Fred Buechner ’47 in 1955, two years after his short story “The Tiger” was published in The New Yorker.
Fred Buechner ’47 in 1955, two years after his short story “The Tiger” was published in The New Yorker.
PHOTO: COURTESY FRED BUECHNER ’47

‘YOU MAKE ME FEEL LIKE AN ORACLE, the way you ask these questions,” Fred Buechner ’47 says, with some irritation, from his patio chair on Wind Gap Farm, the Vermont home where this writer and preacher has lived for more than 40 years. 

Having just turned 86, and with 30-plus books to his credit, Buechner has earned the right to decide what he wants to talk about: perhaps about his career as a writing wunderkind who left the trappings of New York literary life behind to become a Presbyterian minister. Or about leaving a job in the ministry to return to writing, and winning the devotion of writers such as John Irving, Garrison Keillor, and Kathleen Norris. Or maybe about having a literary festival devoted to your work and your words printed on coffee mugs. 

Buechner (whose full name is Carl Frederick Buechner, pronounced “Beekner”) is happy to talk about any of these subjects. He is not, however, interested in playing the role of sage. He does not want to talk about God or the afterlife or how to achieve literary success. Instead, sitting outside on a July day with the Green Mountains in the distance, he repeats the mantra that has come to define his life and work: “Pay attention to your life.”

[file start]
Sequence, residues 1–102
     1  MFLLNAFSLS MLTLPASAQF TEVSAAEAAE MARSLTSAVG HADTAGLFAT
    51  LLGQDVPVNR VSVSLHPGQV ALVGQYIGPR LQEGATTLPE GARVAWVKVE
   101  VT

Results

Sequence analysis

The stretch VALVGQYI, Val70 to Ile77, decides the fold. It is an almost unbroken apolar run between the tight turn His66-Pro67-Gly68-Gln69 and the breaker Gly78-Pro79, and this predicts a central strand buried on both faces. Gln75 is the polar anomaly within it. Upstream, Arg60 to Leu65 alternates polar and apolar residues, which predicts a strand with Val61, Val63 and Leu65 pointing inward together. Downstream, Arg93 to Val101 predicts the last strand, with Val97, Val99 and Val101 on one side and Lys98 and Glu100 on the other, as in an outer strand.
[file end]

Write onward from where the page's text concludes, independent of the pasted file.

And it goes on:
“Because otherwise it’s just a lot of wasted effort,” explains Buechner, a cane by his side. “To live is to experience all sorts of things. It would be a shame to experience them — these rich experiences of sadness and happiness and success and failure — and then have it just all vanish, like a dream when you wake up. I find it interesting, to put it mildly, to keep track of it and think about it.”

Buechner may resist the role of oracle, but that has not stopped people from seeking him out. His books have earned him a large audience among both believers and skeptics. His writings are widely quoted and anthologized. Recently first lady Michelle Obama ’85 cited Buechner’s description of vocation: “where your deep gladness and the world’s deep hunger meet.” He has a large following in Christian colleges, and has delivered sermons at the National Cathedral in Washington, D.C., and at Westminster Abbey in London. 

“He is just so eloquent and thoughtful,” says Bob Abernethy ’49, the host of Religion & Ethics Newsweekly, a PBS program that aired a profile of Buechner in 2006.“He sits up there, on that hill in Vermont, and he comes up out of himself, out of his own feelings and thoughts — that’s his greatest resource.”